(NaturalNews) Two new studies have added more reason for concern that high-fructose corn syrup causes significantly more harm to the body than its mere sugar content would suggest.
High-fructose corn syrup contains 55 percent fructose and 45 percent glucose. In contrast, table sugar (also known as sucrose) contains a 50-50 split.
In the first study, published in the journal Pharmacology, Biochemistry and Behavior
, researchers from Princeton University found that rats consuming high fructose corn syrup gained more weight and developed more cardiovascular risk factors than rats consuming equivalent amounts of sucrose.
"Some people have claimed that high-fructose corn syrup is no different than other sweeteners when it comes to weight gain and obesity, but our results make it clear that this just isn't true, " researcher Bart Hoebel said.
Hoebel and colleagues fed two groups of rats an identical diet, supplemented with one of two sweetened beverages. One beverage consisted of a sucrose solution in concentrations similar to those found in many sweetened beverages. The other consisted of a high-fructose corn syrup solution at roughly half the concentration of a typical soda. The researchers found that the rats consuming the corn syrup solution gained significantly more weight than the rats consuming the sucrose solution.
In a followup experiment, the researchers compared metabolic changes in rats fed only rat chow with rats fed chow plus a high-fructose corn syrup solution. All the rats consumed the same amount of calories.
After six months, the rats in the corn
syrup group had gained 48 percent more weight. They also underwent an increase in fat deposition (especially in the abdomen) and a drop in circulating triglycerides. These changes are consistent with metabolic syndrome, a cluster of symptoms that predispose humans to cardiovascular disease and diabetes.
Every rat consuming high-fructose corn syrup
became obese. In contrast, rats fed a high-fat diet did not become obese in all cases.
Another study, conducted by Duke University researchers, once again implicates high-fructose corn syrup in a heightened risk of liver damage
Previous research has suggested that large amounts of fructose liver in the same way as excessive alcohol consumption. Another study linked high-fructose corn syrup specifically with a form of liver
scarring known as non-alcoholic fatty liver disease (NAFLD).
The new study, published in the Journal of Hepatology
, found that high-fructose corn syrup worsened the effects of NAFLD.
"We found that increased consumption of high fructose corn syrup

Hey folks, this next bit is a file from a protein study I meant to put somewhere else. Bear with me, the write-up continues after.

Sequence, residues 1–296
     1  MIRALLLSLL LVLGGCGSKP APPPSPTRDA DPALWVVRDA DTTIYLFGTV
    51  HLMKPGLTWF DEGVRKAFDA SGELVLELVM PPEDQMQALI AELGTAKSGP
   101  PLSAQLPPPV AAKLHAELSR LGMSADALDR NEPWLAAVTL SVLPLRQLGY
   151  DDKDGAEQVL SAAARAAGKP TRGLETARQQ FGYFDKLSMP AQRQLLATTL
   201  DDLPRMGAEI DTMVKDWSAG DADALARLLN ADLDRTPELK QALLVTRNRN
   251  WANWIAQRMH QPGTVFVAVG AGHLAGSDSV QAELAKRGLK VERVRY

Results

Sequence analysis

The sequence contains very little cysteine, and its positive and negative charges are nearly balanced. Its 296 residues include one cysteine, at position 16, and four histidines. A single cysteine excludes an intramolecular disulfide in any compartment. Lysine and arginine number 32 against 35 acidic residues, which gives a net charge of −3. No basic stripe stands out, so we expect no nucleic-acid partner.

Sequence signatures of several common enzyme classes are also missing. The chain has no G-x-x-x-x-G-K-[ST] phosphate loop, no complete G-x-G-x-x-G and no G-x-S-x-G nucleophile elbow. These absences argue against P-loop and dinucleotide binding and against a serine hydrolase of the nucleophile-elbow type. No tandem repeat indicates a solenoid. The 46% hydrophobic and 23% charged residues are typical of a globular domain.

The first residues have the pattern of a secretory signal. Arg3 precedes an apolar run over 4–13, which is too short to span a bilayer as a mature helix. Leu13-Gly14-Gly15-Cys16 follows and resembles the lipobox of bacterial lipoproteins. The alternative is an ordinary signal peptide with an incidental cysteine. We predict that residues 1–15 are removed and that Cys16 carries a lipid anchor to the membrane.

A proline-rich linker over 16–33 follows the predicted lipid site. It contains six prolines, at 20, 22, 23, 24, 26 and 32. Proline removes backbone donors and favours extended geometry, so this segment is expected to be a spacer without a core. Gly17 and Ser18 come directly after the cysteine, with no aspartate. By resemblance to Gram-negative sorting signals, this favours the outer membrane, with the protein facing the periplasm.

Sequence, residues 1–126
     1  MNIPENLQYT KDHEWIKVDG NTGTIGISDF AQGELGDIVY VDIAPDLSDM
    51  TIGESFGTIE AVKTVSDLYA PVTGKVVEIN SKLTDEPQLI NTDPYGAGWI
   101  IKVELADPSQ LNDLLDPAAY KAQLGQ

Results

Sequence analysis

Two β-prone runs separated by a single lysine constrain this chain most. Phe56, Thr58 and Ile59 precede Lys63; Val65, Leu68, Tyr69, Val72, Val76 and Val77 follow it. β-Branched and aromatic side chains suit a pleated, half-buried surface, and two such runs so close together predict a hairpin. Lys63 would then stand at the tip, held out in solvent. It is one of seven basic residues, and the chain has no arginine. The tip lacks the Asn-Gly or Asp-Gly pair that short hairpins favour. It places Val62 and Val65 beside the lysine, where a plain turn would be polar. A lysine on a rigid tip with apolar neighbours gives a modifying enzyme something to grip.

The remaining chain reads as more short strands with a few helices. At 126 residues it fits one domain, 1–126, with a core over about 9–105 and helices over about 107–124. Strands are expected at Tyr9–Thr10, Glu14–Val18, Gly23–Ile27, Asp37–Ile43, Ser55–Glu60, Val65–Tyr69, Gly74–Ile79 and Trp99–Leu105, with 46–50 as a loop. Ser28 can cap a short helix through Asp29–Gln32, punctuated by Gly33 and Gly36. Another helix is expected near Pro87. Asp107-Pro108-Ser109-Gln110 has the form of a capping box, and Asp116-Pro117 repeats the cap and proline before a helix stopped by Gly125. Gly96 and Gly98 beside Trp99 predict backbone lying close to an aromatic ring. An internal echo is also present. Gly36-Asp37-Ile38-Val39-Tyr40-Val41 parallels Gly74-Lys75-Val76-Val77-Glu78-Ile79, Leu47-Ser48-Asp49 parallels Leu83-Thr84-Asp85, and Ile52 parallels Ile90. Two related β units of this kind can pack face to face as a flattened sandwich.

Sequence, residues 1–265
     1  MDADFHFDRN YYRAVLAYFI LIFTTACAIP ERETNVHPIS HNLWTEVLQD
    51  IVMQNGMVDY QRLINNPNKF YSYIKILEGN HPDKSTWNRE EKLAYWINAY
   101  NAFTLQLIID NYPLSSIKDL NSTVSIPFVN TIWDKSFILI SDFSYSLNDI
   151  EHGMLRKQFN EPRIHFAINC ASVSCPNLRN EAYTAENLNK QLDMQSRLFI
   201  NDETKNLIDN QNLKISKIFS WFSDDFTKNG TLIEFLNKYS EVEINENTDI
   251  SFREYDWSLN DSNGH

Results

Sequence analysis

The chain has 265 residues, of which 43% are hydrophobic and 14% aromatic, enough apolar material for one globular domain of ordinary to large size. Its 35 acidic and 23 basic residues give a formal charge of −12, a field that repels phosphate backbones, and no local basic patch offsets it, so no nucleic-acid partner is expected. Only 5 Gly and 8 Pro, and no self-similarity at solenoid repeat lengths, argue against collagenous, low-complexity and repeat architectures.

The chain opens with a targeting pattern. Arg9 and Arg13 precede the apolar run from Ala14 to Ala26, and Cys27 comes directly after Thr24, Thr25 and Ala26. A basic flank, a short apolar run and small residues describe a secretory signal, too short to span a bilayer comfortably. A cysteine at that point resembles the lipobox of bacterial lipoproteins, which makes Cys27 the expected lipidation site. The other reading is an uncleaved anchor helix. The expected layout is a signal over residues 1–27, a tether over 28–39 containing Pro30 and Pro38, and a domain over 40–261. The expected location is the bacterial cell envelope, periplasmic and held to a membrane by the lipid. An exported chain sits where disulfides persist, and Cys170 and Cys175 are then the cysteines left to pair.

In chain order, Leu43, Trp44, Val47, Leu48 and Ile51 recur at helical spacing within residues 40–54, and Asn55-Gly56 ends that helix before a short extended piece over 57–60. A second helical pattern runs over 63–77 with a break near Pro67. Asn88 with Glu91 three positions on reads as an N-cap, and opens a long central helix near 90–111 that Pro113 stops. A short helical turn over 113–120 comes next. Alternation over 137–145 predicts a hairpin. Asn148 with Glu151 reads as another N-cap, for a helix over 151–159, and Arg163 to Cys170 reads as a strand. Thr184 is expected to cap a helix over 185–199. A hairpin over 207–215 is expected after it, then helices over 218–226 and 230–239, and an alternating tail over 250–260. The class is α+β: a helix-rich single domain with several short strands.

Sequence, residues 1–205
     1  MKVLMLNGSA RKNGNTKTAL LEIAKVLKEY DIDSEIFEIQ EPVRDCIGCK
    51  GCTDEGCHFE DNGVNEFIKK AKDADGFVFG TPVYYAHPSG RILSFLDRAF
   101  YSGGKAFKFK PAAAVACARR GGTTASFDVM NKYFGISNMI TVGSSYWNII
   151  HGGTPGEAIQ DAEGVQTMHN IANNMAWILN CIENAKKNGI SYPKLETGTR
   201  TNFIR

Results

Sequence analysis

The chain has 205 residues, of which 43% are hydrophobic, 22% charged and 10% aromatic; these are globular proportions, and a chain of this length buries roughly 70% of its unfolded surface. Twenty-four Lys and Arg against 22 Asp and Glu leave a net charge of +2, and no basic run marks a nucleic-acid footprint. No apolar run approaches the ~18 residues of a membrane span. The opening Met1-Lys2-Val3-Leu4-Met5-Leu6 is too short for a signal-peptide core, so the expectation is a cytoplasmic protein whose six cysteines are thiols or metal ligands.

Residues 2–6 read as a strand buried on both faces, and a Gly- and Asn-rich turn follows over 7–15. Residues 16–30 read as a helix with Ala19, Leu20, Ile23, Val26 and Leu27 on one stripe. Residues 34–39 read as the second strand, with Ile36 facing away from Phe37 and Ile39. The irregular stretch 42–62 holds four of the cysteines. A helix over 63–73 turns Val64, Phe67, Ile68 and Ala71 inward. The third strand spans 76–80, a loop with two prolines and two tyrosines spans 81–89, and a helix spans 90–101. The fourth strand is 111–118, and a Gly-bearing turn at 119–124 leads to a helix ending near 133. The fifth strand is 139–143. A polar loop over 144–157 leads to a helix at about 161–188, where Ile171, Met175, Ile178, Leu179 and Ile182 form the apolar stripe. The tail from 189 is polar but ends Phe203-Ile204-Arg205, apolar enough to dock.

was associated with scarring in the liver ... among patients with NAFLD," researcher Manal Abdelmalek said.
The researchers analyzed the diets and livers of 427 adults with NAFLD, and found that only 19 percent of them never consumed fructose-containing beverages. In contrast, 52 percent of participants had between one and six servings of a fructose-containing beverage per week, while another 29 percent had at least one serving per day. The higher patients' fructose
intake, the worse the scarring of their livers.
"We have identified an environmental risk factor that may contribute to the metabolic syndrome of insulin resistance and the complications of the metabolic syndrome, including liver injury," Abdelmalek said.
Abdelmalek noted that NAFLD is a severe problem that cannot be treated and may lead in some cases to liver cancer, liver failure and a need for liver transplant.
Researchers are still unsure why high-fructose corn syrup appears to damage the body more than its extra 5 percent fructose content would suggest. Some have hypothesized that the negative effects come from the massive quantities in which it is consumed -- high-fructose corn syrup is found in nearly all processed foods.
Other researchers have observed that beverages made with high-fructose corn syrup contain high levels of reactive carbonyls, which can damage cells. Still others have noted that the fructose in high-fructose corn syrup is chemically unbonded and thus spreads through the body more freely than the fructose in table sugar.
Sources for this story include: http://www.aolnews.com/health/article/new-study-fuels-bitter-debate-o... http://www.nytimes.com/2009/03/21/dining/21sugar.html?_r=1; http://www.sciencedaily.com/releases/2010/03/100322204628.htm; http://www.foodconsumer.org/newsite/Nutrition/Food/high_fructose_corn...
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